Process and control today | The environmental crisis threatens in Latin America

Addressing the complexities of providing safe drinking water and sanitation in times of climate volatility was discussed during the 32nd Water Action Platform webinar on October 28, 2021.

Hosted by d’Isle Chairman, Dr. Piers Clark, and supported by technology consultant Rodrigo Valladares, this month’s event focused on Latin America – highlighting the looming and growing environmental challenges . Initiatives and implemented technologies were showcased across Mexico, Chile and Colombia

Access Challenge

Sergio Campos, Head of the Water and Sanitation Division of the Inter-American Development Bank, discussed the main challenges facing the water sector in Latin America, including social inclusion and equality, productivity and innovation, and economic integration – while considering the effects of climate change and environmental sustainability.

“The main challenges of the water sector in Latin America are mainly related to access – 25 to 30% of the population of Latin America does not have a source of continuous or potable water,” said Campos. “And for sanitation, nearly two-thirds of the Latin American population do not have access to adequate sludge management.

“But it’s not just access, it’s also vulnerability to climate change. We estimate that we need around $20 billion a year to achieve the Sustainable Development Goals by 2030 and there are important things that need to be addressed in terms of corporate governance, regulation and innovation.

While Latin America has a third of the world’s freshwater reserves, it includes many arid areas and faces the challenge of varying rates of innovation adoption.

“The game-changer is innovation,” Campos said, “but not just related to technology – it has to be holistic, so innovation in governance, communication and socialization too.”

Moving on to environmental challenges, Clark told the webinar audience, “Two major environmental disasters are looming in this part of the world, and due to the potential impact they could have across the world, we need to be aware of them.

Clark identified hypoxic waters – or dead zones – and the overaccumulation of a large brown algae called sargassum as the main challenges facing the region.

Tackling dead zones

The Gulf of Mexico dead zone is one of the largest hypoxic zones in the world and occurs at the mouth of the Mississippi River, which has low concentrations of dissolved oxygen. The challenge stems from the impact of fertilizers from farmland leading to nutrient enrichment in the river, particularly nitrogen and phosphorus.

The size of the area varies with river flow and rainfall and this is more variable than ever due to climate change. Clark argued that the key to minimizing the Gulf’s dead zone is to address problems at the source – using less fertilizer to limit excessive runoff, controlling animal waste entering waterways, and monitoring wastewater treatment facilities to reduce nutrient releases.

Recycle algae

A massive influx of Sargassum onto the Caribbean Sea coats is the other major challenge, but a circular economy approach is being explored to rebalance the natural environment. The cause of excess algae is thought to be an increase in nutrient loading due to deforestation and other land use changes.

“The increased invasion of Sargassum has had adverse effects on human health and ecosystems, as well as tourism. Long-term management strategies are needed to address adverse impacts,” said Rodrigo Valladares, consultant in Isle technology.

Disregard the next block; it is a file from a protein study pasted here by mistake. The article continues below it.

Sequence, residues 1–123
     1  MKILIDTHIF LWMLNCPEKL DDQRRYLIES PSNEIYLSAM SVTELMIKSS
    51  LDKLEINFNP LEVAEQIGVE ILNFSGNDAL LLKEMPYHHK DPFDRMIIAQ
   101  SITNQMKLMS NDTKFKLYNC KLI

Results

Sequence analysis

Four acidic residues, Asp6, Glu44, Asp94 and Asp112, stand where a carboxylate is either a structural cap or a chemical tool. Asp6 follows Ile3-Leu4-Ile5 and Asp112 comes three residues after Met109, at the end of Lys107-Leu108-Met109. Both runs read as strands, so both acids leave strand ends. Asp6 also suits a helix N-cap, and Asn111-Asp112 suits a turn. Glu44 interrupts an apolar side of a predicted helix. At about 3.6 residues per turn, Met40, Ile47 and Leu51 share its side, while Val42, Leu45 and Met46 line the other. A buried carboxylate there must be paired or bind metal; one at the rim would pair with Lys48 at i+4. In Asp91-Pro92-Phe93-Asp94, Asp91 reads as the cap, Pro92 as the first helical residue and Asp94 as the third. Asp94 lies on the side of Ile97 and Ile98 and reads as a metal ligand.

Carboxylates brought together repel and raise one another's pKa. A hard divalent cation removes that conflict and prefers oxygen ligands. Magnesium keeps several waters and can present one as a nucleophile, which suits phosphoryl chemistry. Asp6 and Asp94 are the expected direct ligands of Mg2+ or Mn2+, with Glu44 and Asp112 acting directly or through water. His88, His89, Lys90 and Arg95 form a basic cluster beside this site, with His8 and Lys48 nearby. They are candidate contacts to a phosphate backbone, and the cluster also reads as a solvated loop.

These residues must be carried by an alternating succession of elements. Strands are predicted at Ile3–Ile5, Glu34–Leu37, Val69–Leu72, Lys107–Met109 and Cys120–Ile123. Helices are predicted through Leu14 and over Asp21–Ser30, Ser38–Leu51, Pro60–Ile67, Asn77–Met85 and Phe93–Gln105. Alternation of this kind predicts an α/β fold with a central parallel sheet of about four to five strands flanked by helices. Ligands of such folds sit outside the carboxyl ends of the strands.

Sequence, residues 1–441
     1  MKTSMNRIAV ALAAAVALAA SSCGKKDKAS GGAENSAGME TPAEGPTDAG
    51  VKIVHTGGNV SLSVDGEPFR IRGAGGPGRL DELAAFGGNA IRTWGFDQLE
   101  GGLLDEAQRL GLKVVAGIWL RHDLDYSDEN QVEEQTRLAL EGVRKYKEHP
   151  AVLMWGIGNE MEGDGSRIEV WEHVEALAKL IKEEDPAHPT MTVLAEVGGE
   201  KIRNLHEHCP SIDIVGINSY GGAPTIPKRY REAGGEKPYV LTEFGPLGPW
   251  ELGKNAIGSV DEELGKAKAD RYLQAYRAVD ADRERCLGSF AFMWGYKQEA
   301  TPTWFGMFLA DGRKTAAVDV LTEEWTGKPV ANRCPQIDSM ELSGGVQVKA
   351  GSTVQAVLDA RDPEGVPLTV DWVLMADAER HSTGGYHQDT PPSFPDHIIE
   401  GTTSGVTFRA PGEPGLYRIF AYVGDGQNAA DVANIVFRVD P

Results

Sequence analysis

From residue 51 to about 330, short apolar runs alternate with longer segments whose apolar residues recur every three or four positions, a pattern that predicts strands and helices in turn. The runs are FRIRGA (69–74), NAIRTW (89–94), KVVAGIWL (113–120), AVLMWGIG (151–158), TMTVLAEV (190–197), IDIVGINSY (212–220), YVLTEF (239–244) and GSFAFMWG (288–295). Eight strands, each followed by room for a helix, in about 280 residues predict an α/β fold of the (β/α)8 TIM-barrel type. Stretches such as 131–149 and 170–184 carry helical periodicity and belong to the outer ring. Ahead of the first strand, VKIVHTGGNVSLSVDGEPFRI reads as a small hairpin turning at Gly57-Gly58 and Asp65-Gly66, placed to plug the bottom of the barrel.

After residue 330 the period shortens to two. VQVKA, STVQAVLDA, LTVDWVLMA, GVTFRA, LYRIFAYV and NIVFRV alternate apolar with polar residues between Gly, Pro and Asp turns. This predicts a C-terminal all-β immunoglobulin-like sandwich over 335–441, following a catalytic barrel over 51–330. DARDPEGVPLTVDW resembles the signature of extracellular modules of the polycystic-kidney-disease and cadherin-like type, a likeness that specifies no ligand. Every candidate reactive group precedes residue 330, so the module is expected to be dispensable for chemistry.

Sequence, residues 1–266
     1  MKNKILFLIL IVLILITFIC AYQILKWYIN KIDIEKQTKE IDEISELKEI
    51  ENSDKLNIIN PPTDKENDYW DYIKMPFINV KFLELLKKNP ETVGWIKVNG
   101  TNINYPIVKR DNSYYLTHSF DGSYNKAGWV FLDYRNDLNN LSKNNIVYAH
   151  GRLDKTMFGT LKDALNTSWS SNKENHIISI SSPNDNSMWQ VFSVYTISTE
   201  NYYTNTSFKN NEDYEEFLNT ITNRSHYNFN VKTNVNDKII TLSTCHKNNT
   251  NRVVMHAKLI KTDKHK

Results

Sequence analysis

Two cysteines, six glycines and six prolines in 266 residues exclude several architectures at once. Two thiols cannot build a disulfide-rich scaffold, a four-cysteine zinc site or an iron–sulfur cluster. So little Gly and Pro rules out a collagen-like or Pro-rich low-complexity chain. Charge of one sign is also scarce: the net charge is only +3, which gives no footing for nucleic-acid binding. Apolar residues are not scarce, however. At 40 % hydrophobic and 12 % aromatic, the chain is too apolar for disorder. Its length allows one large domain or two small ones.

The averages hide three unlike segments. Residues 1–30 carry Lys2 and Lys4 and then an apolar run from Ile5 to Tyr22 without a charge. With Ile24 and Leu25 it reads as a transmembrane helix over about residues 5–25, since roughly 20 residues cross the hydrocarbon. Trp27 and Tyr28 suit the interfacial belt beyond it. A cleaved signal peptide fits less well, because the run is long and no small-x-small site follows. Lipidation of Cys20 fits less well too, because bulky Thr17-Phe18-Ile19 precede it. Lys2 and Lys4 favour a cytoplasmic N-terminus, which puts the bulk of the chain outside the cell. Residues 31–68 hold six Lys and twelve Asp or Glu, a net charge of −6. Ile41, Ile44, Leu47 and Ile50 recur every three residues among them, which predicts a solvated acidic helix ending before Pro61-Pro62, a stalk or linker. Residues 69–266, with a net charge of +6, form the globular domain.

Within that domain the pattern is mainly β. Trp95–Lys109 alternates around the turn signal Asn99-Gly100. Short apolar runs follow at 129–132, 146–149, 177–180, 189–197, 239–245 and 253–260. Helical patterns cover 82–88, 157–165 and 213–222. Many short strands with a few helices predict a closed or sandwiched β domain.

Scientists are now working urgently to bring circular economy thinking to the issue of sargassum – which has potential as a valuable resource. Experiments are underway to explore its use as biorefinery feedstock, extract biogas, biofertilizer, alginate and fine chemicals.

Chilean technologies

A robot that inspects hard-to-reach tunnels and an air bubble blanket to filter pollution were featured in this month’s tech showcase that highlighted Chile’s solutions.

Diego Olivares Meneses, Head of Innovation at Aguas Andinas (AA), Chile’s largest utility, explained how the utility is dealing with increasing pressure on its water supply due to low rainfall, and how it uses technology to become more water efficient with its existing resources.

One scheme is to use remote-controlled tunnel inspection robots to perform diagnostic tests in hard-to-reach pipelines without the need to interrupt supply. Knowing the real state of the assets allows the development of maintenance and repair schedules for operational and financial optimization. The utility is currently developing more aerodynamic robots to increase its ability to detect and fix problems and improve water management on its network.

PSP is a Chilean technology company in the aquaculture sector and its director, Luis Sepulveda, explained how the company uses an air bubble barrier technology known as LowO2 to combat pollution in tanks. A specially designed channeling diffuser allows for the even generation of millions of micro-bubbles, creating a “wall” that blocks the passage of unwanted elements such as microalgae, algae, oil and litter.

According to Sepulveda, the continued use of these barriers can have a significant positive impact on ecosystems by minimizing pipe fouling and backwashing, as well as the release of organic matter into the environment.

big leap forward

The Water Action Platform was launched in March 2020 to support the utility response to the global pandemic. Times are changing and the focus is now on the even greater challenge of the climate crisis.

Piers Clark said: “Next month I will be sharing details of a new initiative called the Test Tank – which I believe is the most exciting thing to happen in the water industry since a generation and has the potential to be a significant leap forward in our approach. to the climate crisis.

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